by Oren Dorell, USA TODAY
NEW YORK -- Clearly frustrated with international sanctions strangling his country's economy, Iran's president Mahmoud Ahmadinejad defied world leaders gathered at the United Nations General Assembly Wednesday to confront countries he said dominate the world's nations.
Ahmadinejad's speech, which meandered and touched on religious aspirations and prophecies, critiqued a "world order" he said is dominated by "power centers" which he didn't name and that he said dominate weaker countries for materialistic reasons. He urged a restructuring of the United Nations in a way that gives equal say to all and eliminates the veto power of the U.N. Security Council members, which he said use their power to trample the rights of other nations.
The United Nations, under U.S. leadership, has imposed economic sanctions on Iran to pressure its leaders to prove their contention that Iran's nuclear program is for peaceful scientific research, as required by the Non-Proliferation Treaty Iran has signed.
Protesters gathered in front of the United Nations as the Iranian leader spoke, carrying signs and banging drums. It was Ahmadinejad's last speech before the assembly.
"I think we should get rid of this dictator and support the people that are against the regime," said Brigitte Beck, 48, who traveled with her daughter from Chino Hills, Calif., to join thousands gathering outside the General Assembly meeting. Beck, who was wearing a black shirt with a red slash through the face of Ahmadinejad, said she has family and friends who live in Iran. They "are being killed back there," she said.
Ahmadinejad is in his second and final term as Iran's president. The U.S. delegation boycotted his speech in response to the "paranoid theories and repulsive slurs against Israel" included in his address Monday.
Ahmadinejad told leaders on Wednesday that the world body is in the grips of a "world order" that is "founded on materialism and is in no way bound to moral values."
"It believes in the humiliation of other nations, trampling the rights of others. It aims to monopolize power, wealth, science and technology for a limited group," he said.
The world's leading countries are led by politicians who reject morals "as outdated notions and an impediment to the realization of their goals," and who seek "unilateralism, application of double standards and economic wars" ... "to maintain their hegemony," he said.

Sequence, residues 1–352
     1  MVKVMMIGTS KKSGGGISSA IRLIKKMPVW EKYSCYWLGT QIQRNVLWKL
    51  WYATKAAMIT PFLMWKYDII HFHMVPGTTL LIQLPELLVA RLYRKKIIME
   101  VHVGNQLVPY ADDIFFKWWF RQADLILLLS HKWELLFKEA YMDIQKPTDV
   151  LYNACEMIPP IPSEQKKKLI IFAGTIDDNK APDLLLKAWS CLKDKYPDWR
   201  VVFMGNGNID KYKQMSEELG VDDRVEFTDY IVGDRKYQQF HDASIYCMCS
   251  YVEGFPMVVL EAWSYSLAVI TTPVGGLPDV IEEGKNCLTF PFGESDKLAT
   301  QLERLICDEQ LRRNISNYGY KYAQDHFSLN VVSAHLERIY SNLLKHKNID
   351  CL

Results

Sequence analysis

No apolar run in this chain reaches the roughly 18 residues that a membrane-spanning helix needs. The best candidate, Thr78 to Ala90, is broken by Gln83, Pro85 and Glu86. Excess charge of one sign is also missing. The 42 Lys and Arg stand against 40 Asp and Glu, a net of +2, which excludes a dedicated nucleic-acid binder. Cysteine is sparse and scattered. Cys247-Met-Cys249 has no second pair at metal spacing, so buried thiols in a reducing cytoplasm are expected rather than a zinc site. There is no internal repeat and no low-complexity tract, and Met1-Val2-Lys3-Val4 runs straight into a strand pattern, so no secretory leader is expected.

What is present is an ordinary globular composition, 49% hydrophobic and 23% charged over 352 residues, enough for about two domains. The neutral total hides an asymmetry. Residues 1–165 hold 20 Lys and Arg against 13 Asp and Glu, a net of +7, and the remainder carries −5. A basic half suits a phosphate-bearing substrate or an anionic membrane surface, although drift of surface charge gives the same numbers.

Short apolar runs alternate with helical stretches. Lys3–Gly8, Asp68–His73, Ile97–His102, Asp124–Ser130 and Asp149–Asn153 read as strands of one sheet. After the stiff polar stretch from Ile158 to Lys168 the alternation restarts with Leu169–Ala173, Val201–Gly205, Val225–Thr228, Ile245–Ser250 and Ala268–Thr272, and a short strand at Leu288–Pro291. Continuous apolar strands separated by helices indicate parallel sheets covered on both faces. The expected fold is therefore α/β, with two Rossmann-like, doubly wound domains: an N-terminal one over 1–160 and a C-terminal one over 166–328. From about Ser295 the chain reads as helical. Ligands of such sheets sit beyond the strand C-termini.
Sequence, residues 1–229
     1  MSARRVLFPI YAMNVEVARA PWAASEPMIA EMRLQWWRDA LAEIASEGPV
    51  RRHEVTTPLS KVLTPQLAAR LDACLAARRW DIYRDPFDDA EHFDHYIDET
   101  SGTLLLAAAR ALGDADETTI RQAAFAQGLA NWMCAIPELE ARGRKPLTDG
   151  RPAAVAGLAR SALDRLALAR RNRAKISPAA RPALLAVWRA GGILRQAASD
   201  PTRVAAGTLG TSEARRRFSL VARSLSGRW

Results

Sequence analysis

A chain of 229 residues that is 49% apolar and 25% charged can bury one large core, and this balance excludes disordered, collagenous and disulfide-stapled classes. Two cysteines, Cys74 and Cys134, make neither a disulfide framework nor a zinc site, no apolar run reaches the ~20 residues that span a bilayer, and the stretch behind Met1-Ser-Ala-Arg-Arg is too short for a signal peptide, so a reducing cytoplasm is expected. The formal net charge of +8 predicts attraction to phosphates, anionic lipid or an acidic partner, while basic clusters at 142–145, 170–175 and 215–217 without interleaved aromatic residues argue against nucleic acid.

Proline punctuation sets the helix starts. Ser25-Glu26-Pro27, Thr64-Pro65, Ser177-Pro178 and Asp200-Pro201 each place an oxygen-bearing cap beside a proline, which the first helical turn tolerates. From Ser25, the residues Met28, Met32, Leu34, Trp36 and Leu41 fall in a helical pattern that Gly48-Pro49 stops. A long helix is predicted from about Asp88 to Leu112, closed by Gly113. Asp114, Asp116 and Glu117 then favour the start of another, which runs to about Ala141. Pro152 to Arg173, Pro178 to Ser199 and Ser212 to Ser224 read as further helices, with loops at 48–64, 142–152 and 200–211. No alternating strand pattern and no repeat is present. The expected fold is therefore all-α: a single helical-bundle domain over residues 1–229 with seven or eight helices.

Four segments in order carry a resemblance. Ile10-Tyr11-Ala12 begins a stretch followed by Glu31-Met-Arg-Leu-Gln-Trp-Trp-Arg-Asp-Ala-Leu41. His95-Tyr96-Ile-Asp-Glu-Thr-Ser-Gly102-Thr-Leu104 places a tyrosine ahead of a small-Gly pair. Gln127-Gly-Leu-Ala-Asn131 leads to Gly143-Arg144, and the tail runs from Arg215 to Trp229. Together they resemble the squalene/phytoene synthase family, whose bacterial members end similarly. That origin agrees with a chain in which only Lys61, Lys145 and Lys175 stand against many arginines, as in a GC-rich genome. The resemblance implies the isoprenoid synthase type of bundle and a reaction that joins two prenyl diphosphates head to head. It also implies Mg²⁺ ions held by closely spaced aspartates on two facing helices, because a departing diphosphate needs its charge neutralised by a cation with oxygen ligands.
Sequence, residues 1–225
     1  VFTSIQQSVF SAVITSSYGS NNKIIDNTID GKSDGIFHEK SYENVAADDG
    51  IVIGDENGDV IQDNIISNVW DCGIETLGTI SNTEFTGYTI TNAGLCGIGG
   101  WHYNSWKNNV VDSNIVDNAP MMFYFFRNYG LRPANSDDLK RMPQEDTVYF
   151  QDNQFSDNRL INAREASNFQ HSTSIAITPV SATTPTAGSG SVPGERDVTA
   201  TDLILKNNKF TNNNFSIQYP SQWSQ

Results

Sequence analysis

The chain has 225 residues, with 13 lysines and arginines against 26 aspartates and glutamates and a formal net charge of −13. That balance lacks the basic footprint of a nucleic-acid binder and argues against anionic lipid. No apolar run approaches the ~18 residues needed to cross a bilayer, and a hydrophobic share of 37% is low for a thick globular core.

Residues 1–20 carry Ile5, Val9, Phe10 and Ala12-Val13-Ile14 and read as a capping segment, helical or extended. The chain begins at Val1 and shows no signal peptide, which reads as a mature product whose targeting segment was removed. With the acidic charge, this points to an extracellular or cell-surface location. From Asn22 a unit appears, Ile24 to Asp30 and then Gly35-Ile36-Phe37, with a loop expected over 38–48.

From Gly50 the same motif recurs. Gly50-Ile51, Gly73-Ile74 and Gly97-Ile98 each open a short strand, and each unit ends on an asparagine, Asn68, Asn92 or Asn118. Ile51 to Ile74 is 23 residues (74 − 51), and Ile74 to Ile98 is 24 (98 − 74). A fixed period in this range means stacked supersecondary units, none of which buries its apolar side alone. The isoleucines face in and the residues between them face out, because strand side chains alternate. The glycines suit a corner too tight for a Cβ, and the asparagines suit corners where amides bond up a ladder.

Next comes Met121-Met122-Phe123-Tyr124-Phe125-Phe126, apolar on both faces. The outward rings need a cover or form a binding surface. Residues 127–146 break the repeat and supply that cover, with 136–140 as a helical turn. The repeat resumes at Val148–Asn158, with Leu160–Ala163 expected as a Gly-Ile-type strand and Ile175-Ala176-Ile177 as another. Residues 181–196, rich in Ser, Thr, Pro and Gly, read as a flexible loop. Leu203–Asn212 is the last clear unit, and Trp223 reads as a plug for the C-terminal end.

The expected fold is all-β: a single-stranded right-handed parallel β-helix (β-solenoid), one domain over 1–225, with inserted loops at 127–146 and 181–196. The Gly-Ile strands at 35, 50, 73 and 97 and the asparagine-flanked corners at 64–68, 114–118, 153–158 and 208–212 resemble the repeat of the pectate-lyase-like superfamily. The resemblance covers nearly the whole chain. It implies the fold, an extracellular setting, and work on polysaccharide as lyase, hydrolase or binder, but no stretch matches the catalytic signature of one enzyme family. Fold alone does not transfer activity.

These countries have resorted to "intimidation by nuclear weapons and weapons of mass destruction" to maintain their dominant position, he said.
For an example, Ahmadinejad pointed to "continued threats by the uncivilized Zionists to attack" Iran, meaning Israel. Israel has not signed the Non-proliferation Treaty and is not bound by it.
Israeli leaders consider an nuclear armed Iran to be an existential threat and have reserved the right to use military force to protect the Jewish nation if necessary. Israel Prime Minister, Benjamin Netanyahu is due to address the U.N. General Assembly Thursday.
The result of the world's political structure, Ahmadinejad said Wednesday, is that "no one feels secure or safe, even those who have stockpiled thousands of atomic bombs in their arsenals," while the gap between rich and poor is widening.
In an Associated Press interview Tuesday, the Iranian leader pressed his argument against the United States.
"God willing, a new order will come together, and we'll do away with everything that distances us," Ahmadinejad said. "Now even elementary school kids throughout the world have understood that the United States government is following an international policy of bullying." He said, "Bullying must come to an end. Occupation must come to an end."
Ahmadinejad also discussed solutions for the Syrian civil war.
Many of the demonstrators on Wednesday carried Syrian flags, protesting the civil war there and Iran's regime.
"Everyone is aware the nuclear issue is the imposition of the will of the United States," Ahmadinejad told AP. "I see the nuclear issue as a non-issue. It has become a form of one-upmanship."
Protester Bret Morse, 30, of Rochester, N.Y., said there may be evidence Iran is developing nuclear weapons, but "there's no solid evidence that is happening anytime soon."
He said more international diplomacy regarding Iran sounds like a repeat of what happened in the run-up to the war in Iraq and the United States should "stay out of it."
"I think it should be taken care of by countries over there," Morse said. "Israel's already proven that they're capable of defending themselves, and yet they want to get a free ride," asking the United States to safeguard it.
Tuesday, President Obama warned Iran that time is running out to resolve the dispute over its nuclear program. In a speech to the General Assembly, Obama said the United States could not tolerate an Iran with atomic weapons.
Contributing: Carolyn Pesce in McLean, Va.; Associated Press.
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